It seems as though whatever is going to happen in Syria – if it’s going to
happen, when it happens – will not happen in August. Earlier this week, the
opposite had seemed to be the case: The looming American/allied attack was
expected to take place within days. This delay may be a source of relief, or of
additional concern, that the dithering and blithering Obama administration, with
its pathetic and largely impotent British and French allies, cannot bring itself
to do what it has all but said it will do because, so it believes or would have
us believe, it must do.
The passing of August into September may not
affect how this crisis plays out, but it might help lay to rest some ghosts from
the past. The World War I, about which we can expect to hear a great deal as its
centenary nears, actually broke out in early August, after a six-week, slow-burn
diplomatic crisis (which began with the assassination of Austrian archduke
Ferdinand in Sarajevo on June 28) ran out of the control of the politicians
supposedly managing it. A mere 25 years later, World War II broke out in early
September, after a crisis over Poland dragged on through August and, having
spawned the incredible in the shape of the Nazi-Soviet alliance, delivered the
awful in the shape of the invasion of Poland and the ensuing declarations of war
by Britain and France against Germany.
There is considerable evidence to
suggest, if not conclusively prove, that the statesmen involved did not want,
nor did they expect, war to break out at those points in time – neither in
August 1914, nor in September 1939. Libraries have been written on this topic,
so there is no need to pursue it further here. But a fascinating and
little-known aspect of the run-up to World War I is that the financial markets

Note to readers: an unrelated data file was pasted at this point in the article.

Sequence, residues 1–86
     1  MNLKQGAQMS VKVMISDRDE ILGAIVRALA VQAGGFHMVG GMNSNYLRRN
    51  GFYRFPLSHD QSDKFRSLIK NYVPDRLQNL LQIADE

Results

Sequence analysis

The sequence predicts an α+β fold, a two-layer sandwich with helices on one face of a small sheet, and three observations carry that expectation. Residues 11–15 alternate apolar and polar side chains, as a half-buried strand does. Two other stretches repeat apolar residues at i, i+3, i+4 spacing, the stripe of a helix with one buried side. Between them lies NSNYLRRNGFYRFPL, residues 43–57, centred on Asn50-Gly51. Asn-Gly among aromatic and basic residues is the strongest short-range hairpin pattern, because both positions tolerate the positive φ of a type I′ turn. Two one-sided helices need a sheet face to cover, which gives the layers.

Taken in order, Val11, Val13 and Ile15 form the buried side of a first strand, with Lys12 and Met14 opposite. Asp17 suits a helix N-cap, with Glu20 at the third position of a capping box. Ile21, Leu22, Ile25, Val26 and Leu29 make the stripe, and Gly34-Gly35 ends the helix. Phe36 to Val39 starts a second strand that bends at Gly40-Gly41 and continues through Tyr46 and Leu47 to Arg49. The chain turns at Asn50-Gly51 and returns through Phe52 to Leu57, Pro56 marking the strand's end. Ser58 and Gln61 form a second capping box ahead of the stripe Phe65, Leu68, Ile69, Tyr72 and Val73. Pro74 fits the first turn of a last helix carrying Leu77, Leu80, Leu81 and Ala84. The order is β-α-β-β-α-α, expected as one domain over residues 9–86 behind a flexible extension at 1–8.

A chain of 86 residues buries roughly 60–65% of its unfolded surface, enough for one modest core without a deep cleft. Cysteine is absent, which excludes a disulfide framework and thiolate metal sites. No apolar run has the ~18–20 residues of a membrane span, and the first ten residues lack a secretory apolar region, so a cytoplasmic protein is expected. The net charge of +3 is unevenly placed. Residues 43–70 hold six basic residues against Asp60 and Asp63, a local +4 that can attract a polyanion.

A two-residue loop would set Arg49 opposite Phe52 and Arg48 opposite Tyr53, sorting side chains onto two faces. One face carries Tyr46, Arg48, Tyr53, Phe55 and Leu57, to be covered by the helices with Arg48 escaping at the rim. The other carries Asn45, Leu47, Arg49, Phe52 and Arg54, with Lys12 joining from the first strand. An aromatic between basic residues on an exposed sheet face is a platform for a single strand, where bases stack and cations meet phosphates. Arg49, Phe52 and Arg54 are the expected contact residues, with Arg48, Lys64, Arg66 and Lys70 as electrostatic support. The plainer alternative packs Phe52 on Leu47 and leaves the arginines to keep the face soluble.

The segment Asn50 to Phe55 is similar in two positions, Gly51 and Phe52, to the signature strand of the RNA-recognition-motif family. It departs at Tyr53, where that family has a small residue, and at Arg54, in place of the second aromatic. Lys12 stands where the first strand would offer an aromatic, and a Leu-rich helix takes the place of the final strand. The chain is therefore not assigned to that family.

failed totally in understanding what was happening and assessing where it was
Many scholars believe that this is, in fact, the default mode
for financial markets: They have zero ability to understand geopolitical
developments or predict their outcome.
Indeed, as markets have become
increasingly dominated by computerized models, which are based on the
assumptions that human activity is a) rational and b) develops in a linear
manner, the chances of financial players that rely on these models to reach any
useful conclusions move toward zero.
One of the most striking analyses of
market failures in this context is that of Prof. Niall Ferguson with regard to
the events of that dramatic summer, 99 years ago. Anyone following world events
in July 1914 through the prism of the financial markets – equity, bonds and
currencies – would have been unaware that anything untoward was under way. The
first inkling that things were not as they should be, Ferguson found, came
around July 21-22, when the diplomatic crisis was well advanced. From that
point, the markets became increasingly alarmed, as might be imagined with mass
mobilizations taking place across the European continent. In August they
collapsed, but that was not the really bad news for investors. Rather, it was
that exchanges closed down completely in the course of August, trapping everyone
invested in them, and did not reopen until December of that year.
course, it is unthinkable that markets would behave that way today, when we and
they are so much more sophisticated. Or is it? Not a day passes without a market
somewhere in the world closing for an hour, or three, or more, because of
“computer glitches.” Recent examples include Shanghai, the mighty Nasdaq and
humble Tel Aviv, so it cannot be said to be a localized problem.
unpalatable truth is that the financial markets are, from a technical point of
view, very vulnerable to crashing, in the sense of becoming dysfunctional under
That is in addition to the now uncontested fact that, from a
fundamental point of view, they have been subverted and their price mechanisms
distorted by the massive and prolonged use of expansionary monetary policy. As
Ferguson showed, they have never been capable of understanding or predicting
geopolitical or military crises. But they have never been more central, both to
the macro-economy and to households’ financial well-being.
background, we enter September-October – historically and statistically the
worst months for markets and the best for crises.www.pinhaslandau.com
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